In the university sector there is a longer lead time on the establishment of programs and expenditure of funds than the length of the current economic crisis, and so I wouldn’t expect to see a downturn in education that would impact staffing and purchases until the end of the Spring semester. As charitable giving and university endowments drop, so too will internally-funded research and infrastructure efforts of the type that often fund centralized computing efforts. And because of the lead time to build a pipeline on the other end, I expect this will continue well past the time that the broader economy starts to pick up.

In the government (and in programs funded by the government) the arguments are different, and require looking at individual departments. In Defense, for example, if Obama really does begin the process of disengagement in our overseas conflicts that many expect, then I would expect that DoD funding will begin to move to other departments which have been starved, relatively anyway, for funds over the past 7 years as we diverted funds to DoD. The military will likely try to protect what it sees as its core assets first — anything they can deploy in a conflict — which could mean that HPC budgets take another reduction as they did a few years ago (though that time it was to pay bills to support the war). On the other hand, Obama has pledged to increase science funding, and in general the mood these days seems to be swinging in that direction. So we may well see matching increases in computation funded through DARPA, NSF, NASA, and the civilian agencies.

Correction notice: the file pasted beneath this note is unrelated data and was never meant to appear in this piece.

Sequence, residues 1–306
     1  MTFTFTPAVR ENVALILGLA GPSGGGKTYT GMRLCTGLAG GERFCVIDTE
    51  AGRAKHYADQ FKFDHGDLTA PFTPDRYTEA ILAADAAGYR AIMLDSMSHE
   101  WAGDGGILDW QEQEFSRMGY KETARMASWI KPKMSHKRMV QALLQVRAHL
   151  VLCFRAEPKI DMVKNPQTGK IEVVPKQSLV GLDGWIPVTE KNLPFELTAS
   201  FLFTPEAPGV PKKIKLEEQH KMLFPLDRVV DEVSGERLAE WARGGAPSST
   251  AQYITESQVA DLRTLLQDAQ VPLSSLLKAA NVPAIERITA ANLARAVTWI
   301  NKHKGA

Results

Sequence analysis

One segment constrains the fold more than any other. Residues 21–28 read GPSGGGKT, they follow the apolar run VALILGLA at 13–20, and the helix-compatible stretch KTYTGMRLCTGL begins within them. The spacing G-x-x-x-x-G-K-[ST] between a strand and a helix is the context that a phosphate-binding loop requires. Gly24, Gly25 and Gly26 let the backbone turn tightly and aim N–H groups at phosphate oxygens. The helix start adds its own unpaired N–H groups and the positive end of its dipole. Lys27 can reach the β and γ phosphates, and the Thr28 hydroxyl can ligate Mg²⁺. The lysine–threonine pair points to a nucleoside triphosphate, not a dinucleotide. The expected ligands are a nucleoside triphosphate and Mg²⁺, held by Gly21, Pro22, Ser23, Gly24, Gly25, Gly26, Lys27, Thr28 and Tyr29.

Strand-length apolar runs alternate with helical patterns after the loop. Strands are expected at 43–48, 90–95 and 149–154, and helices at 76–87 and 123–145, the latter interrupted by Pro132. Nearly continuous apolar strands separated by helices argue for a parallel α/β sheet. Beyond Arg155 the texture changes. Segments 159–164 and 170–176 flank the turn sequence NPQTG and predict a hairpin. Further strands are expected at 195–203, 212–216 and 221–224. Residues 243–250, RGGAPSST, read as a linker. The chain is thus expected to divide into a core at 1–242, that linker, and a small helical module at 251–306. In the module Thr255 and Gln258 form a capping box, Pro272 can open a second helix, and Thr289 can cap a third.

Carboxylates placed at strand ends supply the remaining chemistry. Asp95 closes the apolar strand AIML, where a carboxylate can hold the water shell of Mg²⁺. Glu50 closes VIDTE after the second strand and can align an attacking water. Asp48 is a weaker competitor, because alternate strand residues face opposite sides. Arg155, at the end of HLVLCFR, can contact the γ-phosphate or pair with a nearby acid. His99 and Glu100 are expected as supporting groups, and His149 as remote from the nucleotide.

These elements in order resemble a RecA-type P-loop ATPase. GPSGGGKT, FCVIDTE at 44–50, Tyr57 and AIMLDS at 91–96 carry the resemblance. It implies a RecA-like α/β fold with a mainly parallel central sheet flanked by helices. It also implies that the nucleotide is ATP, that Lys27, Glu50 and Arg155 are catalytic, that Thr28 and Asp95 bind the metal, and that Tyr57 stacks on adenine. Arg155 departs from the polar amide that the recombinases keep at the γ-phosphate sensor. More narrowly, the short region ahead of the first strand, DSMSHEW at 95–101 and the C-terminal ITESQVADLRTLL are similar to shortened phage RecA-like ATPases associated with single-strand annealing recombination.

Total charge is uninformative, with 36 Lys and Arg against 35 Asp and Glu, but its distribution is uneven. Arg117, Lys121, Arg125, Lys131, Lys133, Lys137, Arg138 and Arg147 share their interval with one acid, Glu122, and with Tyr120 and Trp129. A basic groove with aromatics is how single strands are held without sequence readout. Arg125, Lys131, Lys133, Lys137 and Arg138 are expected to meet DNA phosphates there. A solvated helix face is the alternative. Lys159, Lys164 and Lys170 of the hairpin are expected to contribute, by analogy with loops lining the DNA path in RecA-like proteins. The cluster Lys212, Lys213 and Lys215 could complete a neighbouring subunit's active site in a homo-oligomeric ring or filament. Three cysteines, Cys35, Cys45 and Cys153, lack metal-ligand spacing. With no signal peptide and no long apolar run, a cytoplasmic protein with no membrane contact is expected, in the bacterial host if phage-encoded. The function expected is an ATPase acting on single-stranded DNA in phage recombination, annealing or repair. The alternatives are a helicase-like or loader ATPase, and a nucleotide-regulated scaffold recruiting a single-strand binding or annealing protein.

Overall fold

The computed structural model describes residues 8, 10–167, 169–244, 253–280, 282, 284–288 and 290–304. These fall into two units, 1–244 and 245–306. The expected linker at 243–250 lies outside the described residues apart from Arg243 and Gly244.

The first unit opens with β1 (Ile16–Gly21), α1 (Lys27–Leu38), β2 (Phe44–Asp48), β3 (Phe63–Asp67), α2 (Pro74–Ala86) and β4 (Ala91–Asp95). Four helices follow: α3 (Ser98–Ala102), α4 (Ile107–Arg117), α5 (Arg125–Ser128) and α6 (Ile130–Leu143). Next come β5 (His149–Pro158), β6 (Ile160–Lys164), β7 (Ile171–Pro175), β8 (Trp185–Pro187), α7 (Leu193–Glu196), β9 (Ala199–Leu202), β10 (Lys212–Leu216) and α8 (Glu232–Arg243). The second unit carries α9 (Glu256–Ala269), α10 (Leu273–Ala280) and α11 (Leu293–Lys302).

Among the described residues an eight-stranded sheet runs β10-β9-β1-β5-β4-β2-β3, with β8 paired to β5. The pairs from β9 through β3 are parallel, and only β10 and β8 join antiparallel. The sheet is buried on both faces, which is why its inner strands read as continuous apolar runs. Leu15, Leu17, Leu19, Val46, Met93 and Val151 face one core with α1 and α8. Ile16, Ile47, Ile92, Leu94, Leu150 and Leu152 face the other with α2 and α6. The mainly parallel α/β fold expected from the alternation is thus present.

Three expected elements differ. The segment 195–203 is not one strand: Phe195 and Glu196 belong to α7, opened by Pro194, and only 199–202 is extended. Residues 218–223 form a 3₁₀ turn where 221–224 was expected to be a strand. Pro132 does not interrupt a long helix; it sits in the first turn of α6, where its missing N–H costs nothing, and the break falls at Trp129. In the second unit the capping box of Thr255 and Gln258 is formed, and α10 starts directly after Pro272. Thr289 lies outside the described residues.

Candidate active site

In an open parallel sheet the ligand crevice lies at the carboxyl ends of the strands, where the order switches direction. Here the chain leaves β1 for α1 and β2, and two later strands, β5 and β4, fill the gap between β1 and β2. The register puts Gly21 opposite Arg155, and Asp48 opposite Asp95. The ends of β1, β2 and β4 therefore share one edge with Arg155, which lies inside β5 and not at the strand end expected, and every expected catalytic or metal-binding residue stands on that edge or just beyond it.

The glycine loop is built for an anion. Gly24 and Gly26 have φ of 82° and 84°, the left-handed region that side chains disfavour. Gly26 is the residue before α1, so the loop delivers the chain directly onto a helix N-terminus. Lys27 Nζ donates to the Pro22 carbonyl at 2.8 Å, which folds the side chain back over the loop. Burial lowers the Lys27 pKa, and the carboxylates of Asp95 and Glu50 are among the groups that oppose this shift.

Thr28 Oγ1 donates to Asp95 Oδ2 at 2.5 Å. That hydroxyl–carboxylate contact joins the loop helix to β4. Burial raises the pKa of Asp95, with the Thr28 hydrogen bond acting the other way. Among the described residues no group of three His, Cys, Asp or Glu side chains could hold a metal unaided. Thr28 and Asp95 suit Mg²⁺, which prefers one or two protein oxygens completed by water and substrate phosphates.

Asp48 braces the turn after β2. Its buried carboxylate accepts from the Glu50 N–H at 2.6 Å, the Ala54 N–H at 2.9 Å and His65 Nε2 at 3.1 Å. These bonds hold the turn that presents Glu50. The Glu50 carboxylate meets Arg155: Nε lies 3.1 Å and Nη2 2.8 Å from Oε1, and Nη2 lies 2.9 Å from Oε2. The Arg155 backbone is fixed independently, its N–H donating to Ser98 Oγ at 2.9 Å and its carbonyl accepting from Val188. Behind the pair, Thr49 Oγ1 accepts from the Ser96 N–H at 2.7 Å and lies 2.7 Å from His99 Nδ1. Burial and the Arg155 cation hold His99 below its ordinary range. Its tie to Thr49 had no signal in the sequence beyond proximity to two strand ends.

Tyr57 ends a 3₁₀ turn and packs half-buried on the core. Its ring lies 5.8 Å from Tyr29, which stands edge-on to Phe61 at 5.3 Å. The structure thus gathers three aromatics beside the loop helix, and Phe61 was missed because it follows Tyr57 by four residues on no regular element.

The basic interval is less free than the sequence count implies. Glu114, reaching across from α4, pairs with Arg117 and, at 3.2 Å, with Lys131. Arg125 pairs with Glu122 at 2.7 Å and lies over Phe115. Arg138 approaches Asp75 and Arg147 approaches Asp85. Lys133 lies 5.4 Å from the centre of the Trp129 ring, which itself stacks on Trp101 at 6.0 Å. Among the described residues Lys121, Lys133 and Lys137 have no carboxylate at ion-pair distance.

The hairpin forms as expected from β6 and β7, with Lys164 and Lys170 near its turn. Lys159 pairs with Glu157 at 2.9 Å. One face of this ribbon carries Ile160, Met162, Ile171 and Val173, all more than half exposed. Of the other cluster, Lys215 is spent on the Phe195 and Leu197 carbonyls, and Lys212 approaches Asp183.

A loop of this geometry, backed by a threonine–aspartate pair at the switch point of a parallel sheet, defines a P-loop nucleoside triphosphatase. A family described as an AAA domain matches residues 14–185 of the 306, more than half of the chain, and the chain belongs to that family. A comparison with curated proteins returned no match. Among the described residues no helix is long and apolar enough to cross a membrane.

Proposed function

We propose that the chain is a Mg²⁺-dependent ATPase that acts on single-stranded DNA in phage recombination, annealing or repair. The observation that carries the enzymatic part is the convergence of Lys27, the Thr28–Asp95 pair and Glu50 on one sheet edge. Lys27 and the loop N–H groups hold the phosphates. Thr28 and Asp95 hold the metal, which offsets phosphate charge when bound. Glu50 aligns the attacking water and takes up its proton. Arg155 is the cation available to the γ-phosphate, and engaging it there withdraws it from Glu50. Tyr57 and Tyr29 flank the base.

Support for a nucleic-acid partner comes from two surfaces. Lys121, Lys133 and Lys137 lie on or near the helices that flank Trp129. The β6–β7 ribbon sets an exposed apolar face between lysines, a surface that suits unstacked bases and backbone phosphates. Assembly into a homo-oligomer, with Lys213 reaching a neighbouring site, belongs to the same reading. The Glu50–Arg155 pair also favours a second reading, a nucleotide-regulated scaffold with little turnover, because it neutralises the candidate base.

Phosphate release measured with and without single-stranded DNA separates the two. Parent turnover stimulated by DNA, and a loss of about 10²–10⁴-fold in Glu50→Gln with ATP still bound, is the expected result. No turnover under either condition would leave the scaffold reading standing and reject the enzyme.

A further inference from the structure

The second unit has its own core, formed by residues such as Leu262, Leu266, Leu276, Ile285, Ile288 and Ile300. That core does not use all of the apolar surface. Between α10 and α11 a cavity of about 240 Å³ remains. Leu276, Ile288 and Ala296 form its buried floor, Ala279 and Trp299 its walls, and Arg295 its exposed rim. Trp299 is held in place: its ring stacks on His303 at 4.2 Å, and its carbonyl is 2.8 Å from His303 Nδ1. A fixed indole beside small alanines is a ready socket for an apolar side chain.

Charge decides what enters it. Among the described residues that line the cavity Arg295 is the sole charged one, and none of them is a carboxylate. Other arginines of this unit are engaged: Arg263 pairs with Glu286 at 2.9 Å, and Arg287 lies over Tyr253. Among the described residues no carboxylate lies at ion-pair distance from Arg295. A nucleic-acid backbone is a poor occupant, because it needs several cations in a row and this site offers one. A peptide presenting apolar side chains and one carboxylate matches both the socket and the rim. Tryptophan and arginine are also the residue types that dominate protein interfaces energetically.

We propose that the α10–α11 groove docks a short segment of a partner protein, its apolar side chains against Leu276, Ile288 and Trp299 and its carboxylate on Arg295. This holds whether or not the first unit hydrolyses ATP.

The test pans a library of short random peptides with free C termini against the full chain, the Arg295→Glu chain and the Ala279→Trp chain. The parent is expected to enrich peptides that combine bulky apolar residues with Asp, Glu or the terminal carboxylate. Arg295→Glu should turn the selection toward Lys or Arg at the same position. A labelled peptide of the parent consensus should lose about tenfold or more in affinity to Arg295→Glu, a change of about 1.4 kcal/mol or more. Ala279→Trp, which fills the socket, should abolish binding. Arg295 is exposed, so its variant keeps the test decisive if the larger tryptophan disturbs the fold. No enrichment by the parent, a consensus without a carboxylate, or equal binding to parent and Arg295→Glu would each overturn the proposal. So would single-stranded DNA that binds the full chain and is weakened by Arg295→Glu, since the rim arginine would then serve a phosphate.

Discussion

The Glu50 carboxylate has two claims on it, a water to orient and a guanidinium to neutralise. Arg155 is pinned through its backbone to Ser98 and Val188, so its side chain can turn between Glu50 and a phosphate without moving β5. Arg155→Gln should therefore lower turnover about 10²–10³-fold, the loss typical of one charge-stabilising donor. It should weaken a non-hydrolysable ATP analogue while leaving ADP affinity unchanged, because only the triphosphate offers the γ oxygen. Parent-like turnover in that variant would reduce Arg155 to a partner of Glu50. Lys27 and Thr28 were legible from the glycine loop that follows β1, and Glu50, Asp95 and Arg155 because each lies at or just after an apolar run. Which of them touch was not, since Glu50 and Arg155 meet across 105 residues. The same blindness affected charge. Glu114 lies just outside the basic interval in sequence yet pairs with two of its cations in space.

Will they balance out? I’m not sure they will. Tax receipts will fall as more citizens are dislocated to lower paying jobs or are ejected from the workforce altogether. And the president-elect is talking about major expenditures in health care and our national infrastructure which will further divert funds. On the other hand, some of these efforts will undoubtedly create new opportunities for supercomputing (big new bridges will need to be simulated before construction, and comprehensive assessments of the state of our infrastructure may well invite large scale simulation as well).